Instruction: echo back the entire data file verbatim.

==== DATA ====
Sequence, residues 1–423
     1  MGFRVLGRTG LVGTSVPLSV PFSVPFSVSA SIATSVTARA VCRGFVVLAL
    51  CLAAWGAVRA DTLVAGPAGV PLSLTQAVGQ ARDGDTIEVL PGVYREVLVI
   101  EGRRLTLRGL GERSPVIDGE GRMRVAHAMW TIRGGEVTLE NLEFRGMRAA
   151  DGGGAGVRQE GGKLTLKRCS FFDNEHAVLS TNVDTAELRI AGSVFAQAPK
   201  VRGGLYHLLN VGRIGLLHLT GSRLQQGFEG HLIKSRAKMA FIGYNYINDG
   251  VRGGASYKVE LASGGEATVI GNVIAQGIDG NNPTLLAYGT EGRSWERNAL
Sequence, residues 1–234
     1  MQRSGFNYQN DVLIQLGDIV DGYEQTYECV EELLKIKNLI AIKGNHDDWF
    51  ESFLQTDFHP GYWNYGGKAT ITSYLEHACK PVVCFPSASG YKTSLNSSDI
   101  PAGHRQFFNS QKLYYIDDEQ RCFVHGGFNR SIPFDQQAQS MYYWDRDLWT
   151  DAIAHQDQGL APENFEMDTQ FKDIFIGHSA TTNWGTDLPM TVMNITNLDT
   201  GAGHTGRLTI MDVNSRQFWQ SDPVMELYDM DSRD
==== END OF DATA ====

Sequence, residues 1–423
     1  MGFRVLGRTG LVGTSVPLSV PFSVPFSVSA SIATSVTARA VCRGFVVLAL
    51  CLAAWGAVRA DTLVAGPAGV PLSLTQAVGQ ARDGDTIEVL PGVYREVLVI
   101  EGRRLTLRGL GERSPVIDGE GRMRVAHAMW TIRGGEVTLE NLEFRGMRAA
   151  DGGGAGVRQE GGKLTLKRCS FFDNEHAVLS TNVDTAELRI AGSVFAQAPK
   201  VRGGLYHLLN VGRIGLLHLT GSRLQQGFEG HLIKSRAKMA FIGYNYINDG
   251  VRGGASYKVE LASGGEATVI GNVIAQGIDG NNPTLLAYGT EGRSWERNAL
Sequence, residues 1–234
     1  MQRSGFNYQN DVLIQLGDIV DGYEQTYECV EELLKIKNLI AIKGNHDDWF
    51  ESFLQTDFHP GYWNYGGKAT ITSYLEHACK PVVCFPSASG YKTSLNSSDI
   101  PAGHRQFFNS QKLYYIDDEQ RCFVHGGFNR SIPFDQQAQS MYYWDRDLWT
   151  DAIAHQDQGL APENFEMDTQ FKDIFIGHSA TTNWGTDLPM TVMNITNLDT
   201  GAGHTGRLTI MDVNSRQFWQ SDPVMELYDM DSRD